The End.

Now it’s time for a new story for the new year.

Ready? Let’s Go!

Just remember, the Reader (most important person in your world) appreciates being able to follow the story as if they walked the map of your story – and that’s why the structure works. And for those of us who might have thought it a constraint – within those boundaries is the scope for a Whole Lotta Creativity!

Q3

This is the point where most stories fail, and the reason is simple: the third quartile is the beginning of the fight back, it is the point where the obstructions are too much, especially the character’s own inner demons.

The third quartile of the story is from the mid-point to the 2nd plot point (PP2). In that journey, the reader meets (right in the middle of Q3) the 2nd Pinch point (2pp). Remember what a pinch point is? It’s the place where the ‘enemy’ of the MC (main character) gets ahead, takes back power, wins (or appears to win), etc. It’s the vision (for the reader) of the antagonist. And it’s strong, powerful, seemingly invincible (including the fight against the inner demons). The bad guys are doing better than the good guys, and someone is going to be licking his wounds and questioning his right to be in the world, especially this world.

And the darkest part of the journey is just before he hits the PP2. Why?

Because 25% of the story (the setup) worked towards the power of the PP1. And then 25% of the story worked towards the MidPoint. And now (you guessed it!) 25% of the story works towards the PP2. These three power points are what matters. Hit them hard, make the reader feel them in the bones.

Well, maybe not Hard hard, but know that this is the point where they belong, and what they do, and why you have to hit them at all.

The Q1 is the setup (all of Q1) that leads to the PP1. The Q2 is the response to the PP1, so if PP1 isn’t powerful enough to send the MC on the journey of a lifetime – through hell and high water to Do Something – then it needs to be re-thunked. So it becomes a thunk – a moment that sends the MC on the story journey.

The Q3 is the beginning (note that word) of the ability, the things learned and put into action, to begin the fight back. It’s not the point where the MC can win, but he can begin to work on the problems, overcome one at a time (look carefully at the inner demons, and how long it takes to work on something as simple as being able to say ‘hello’ to a neighbour if you’re agoraphobic), and move forwards and then severely backwards.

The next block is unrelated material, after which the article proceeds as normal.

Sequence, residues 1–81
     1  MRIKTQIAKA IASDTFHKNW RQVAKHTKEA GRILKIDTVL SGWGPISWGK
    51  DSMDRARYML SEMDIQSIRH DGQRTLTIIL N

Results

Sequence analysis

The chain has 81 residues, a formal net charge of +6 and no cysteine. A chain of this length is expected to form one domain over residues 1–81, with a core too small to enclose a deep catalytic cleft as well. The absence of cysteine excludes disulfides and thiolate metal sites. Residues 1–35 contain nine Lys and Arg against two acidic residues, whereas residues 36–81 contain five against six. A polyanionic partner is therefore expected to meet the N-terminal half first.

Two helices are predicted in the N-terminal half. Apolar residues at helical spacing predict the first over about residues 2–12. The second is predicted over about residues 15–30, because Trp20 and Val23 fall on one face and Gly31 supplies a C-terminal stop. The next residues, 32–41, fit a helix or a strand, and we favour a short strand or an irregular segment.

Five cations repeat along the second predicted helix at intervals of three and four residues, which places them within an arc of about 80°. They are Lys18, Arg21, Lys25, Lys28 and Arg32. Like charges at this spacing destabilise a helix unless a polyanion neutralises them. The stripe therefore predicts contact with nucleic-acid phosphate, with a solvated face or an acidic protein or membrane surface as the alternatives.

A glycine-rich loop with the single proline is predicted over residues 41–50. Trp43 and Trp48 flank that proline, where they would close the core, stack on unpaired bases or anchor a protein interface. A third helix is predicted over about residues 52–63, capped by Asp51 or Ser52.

The last few major points in the Q3 is the (quoting from ‘Save the Cat – Snyder’ here): Bad guys close in; All is Lost; and Dark Night of the Soul. (If you haven’t seen these before, I highly recommend reading his book and enlightening your author-over-mind.)

 

Next time (don’t know when, ‘cos it’s holiday season, and I’m off to do the things we all know we shouldn’t do) is Q4 – the finale, the resolution, the end.

See you then. Oh, and keep reading.

The Third Moment will be hitting the e-shelves in Jan due to the shut-down of stuff over the holiday period.

Ciao!

This is where to find the previous piece Q2, which has another link to Q1.

2016 – The Year in Review

Did I reach my goal? Achieve what I set out do?

In the beginning, it was the purpose of learning the ropes in the e-world (yes, I know; I was an IT person – but that was mainframe, not modern stuff); this was a place to put my face without the face being visible (that’s me: the invisible person); it was the place to discuss the books – and the goal was to write five books.20160730_122658

I did better: Six books.

Moordenaar, which became The Blood List (mistake to change the name though); which became retired – it could be brought back at a later stage, but Neo Noir could be a bit dark for the other titles. Goodnight, sweetheart. I shall dream of you.

But it was complete and published.

The Journey of Shadow, Book I of the Narrung Sagas: Complete (not retired, but needs serious surgical restructuring).

A Dragon Dream, Book II of the Narrung Sagas: Complete.

Unknown Sins: Complete (now retired – needs surgical restructuring): Complete.

Speculations of a Dark Nature (compilation counts as a novel length work): Complete.

The Third Moment, not yet published because I’m too late for the Christmas market so I’ll let it rest until the week between Christmas and New Year and do a final review before publishing, but: Complete.